Recent blog posts
Prepare Files for Bittorrent - Avoid My Newbie Mistakes
I just made my first torrents, and made a few mistakes. The torrents were split up archives of all the video files from LA Indymedia, which we host. The files are legal for sharing, per the terms of copyright for LA Indymedia - you can share things on a no-profit noncommercial basis.
The torrents are attached, so you can start downloading them.
If you need to learn how to create and send torrents, see the FAQ at OneBigTorrent.org.
The first mistake was to write a terse description. It turns out that longer descriptions of the contents are favored, with a complete listing of files.
The second mistake was not to re-encode some videos into a more compressed format. It turned out that several videos were uploaded without compression. It's not a deal-killer, because all the files are relatively small, but it means the difference between a 5 minute upload and a 30 minute upload. It matters.
The third mistake was to make the files too big. The smallest was around 600MB, which was a pretty reasonable size. The largest was over 4 Gigs, which is too large. People don't stick around long enough to become seeders of large torrents. With the small ones, you get seeders.
The fourth mistake was not curating the collection. For example, I could have created a collection of "South Central Farm" videos, or "Proposition 8" videos. I don't have proof of this, but I think a curated collection would find leechers a lot quicker, and the leechers would turn into seeders.
I did something correct, and posted the torrent files to LA Indymedia as well as OneBigTorrent, the tracker. These reach the right audience. Bittorrent relies on people becoming sharers, and these sites find sharers willing to seed. Chances are, combining the correct promotion with curated collections will really find the correct seeders and leechers.
Fifth, I didn't realize the importance of a fast seed. There are companies that host bittorrent seeds for around $35 a month, unlimited bandwidth. It would have been smart to upload to one of these services and seed from there. That way people would get the complete collection quickly.
As it was, I seeded the smallest torrent to the web server with transmissioncli, and it picked up the torrent and became a seed quickly. Then, one other leecher quickly became a seed. This torrent got the best distribution.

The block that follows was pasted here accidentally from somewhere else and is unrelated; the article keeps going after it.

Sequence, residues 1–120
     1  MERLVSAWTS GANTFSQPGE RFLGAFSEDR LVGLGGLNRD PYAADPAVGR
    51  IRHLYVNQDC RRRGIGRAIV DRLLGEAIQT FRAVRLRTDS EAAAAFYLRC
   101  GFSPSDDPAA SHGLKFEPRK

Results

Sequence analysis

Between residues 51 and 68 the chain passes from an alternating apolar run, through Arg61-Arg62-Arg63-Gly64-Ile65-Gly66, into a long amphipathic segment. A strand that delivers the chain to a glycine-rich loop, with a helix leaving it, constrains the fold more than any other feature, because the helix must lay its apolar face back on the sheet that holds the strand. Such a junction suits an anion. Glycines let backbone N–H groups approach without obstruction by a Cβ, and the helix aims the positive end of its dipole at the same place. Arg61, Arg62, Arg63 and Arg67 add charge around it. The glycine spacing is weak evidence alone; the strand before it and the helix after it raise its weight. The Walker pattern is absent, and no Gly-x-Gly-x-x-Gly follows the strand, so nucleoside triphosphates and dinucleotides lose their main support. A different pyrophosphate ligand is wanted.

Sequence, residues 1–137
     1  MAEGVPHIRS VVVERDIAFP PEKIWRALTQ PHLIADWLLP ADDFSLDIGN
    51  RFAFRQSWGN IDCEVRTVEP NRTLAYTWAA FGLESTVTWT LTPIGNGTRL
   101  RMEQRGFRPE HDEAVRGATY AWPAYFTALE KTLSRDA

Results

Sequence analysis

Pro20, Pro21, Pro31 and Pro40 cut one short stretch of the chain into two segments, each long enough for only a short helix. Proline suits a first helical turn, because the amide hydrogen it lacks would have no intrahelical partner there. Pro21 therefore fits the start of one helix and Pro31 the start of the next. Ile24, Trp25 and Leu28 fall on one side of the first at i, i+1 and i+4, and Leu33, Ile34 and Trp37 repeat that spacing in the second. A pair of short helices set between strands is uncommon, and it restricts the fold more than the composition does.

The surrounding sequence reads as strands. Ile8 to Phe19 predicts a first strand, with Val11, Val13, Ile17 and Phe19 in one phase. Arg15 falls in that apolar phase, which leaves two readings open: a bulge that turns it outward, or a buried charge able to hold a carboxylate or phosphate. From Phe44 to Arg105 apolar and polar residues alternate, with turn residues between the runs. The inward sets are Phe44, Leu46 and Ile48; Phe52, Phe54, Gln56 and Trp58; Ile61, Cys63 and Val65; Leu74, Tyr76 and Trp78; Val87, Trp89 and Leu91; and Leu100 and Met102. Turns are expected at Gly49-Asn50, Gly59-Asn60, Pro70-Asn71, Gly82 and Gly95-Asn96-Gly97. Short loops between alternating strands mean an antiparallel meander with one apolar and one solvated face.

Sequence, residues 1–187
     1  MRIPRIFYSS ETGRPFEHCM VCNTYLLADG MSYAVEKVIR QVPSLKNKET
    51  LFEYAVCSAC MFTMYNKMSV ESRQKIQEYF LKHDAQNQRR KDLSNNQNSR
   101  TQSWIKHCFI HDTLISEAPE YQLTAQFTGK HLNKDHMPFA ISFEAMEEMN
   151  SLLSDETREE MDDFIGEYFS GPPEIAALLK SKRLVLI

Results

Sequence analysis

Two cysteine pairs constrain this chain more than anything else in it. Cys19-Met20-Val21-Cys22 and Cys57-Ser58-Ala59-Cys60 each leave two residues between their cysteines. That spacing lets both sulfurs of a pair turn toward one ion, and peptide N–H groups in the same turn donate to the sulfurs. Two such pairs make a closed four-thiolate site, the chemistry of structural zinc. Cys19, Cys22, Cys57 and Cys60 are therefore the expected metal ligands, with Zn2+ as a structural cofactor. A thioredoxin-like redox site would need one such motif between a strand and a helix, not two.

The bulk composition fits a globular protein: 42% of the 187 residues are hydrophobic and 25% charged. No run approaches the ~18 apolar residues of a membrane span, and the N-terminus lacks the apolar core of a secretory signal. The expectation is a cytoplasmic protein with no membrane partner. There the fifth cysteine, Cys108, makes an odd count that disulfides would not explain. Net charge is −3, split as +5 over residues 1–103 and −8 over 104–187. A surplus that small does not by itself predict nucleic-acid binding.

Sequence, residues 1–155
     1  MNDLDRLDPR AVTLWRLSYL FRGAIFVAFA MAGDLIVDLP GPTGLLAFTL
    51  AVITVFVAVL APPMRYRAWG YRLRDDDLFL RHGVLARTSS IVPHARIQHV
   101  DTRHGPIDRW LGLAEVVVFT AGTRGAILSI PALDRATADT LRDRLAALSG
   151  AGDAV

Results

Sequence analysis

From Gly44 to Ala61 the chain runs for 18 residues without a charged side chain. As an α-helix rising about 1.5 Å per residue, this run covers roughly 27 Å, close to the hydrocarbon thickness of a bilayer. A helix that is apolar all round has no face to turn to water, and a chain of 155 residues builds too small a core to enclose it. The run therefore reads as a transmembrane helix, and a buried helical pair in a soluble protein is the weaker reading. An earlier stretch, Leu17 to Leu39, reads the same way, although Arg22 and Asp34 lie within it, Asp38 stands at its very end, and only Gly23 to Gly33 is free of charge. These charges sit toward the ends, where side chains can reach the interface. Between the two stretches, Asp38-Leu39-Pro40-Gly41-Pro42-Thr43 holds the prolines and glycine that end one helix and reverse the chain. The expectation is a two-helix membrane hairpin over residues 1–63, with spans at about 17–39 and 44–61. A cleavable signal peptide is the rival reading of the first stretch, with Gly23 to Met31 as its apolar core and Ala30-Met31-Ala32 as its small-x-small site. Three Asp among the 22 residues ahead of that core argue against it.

I will have to rebuild these torrents (one one of the other seeders can do this). The collections must be curated for quality and theme, and individual videos re-encoded to reduce size. Then, the descriptions will have to be written to match the collections. Perhaps photos will be included, too. The torrents will have to be sized to be small - under 600MB.
Then, seeders will have to be found. The torrents will be burned to CDs and can be distributed by sneakernet to seeding locations, like work or to allies. Find allies at events, and ask to set up a table. Bittorrent clients at work must be set up to seed only at night and weekends, and use limited bandwidth. Web host seeding will be set up, and maybe purchased from a seed hosting company - again, if you know there are bandwidth costs, limit the bandwidth use.
Then, promote the hell out of it online. (You need a list of sites and email addresses to make this happen. Unfortunately, I didn't have many of either, but did have some lists.) The promotion has to be structured less for "flash" more for "struggle", because seeding a torrent requires you to leave you computer on for days, and will slow down your internet connection.
Also, it's important to seed only one new torrent at a time. With ADSL (Asymmetric DSL), people have more download capacity than upload - a 1.5M/384k DSL has four times more download than upload capacity - so you want to build up the team of seeders quickly, and allow leechers to become seeders as quickly as possible.
Also, new uncurated collection should be published, so other curators can develop their own torrents.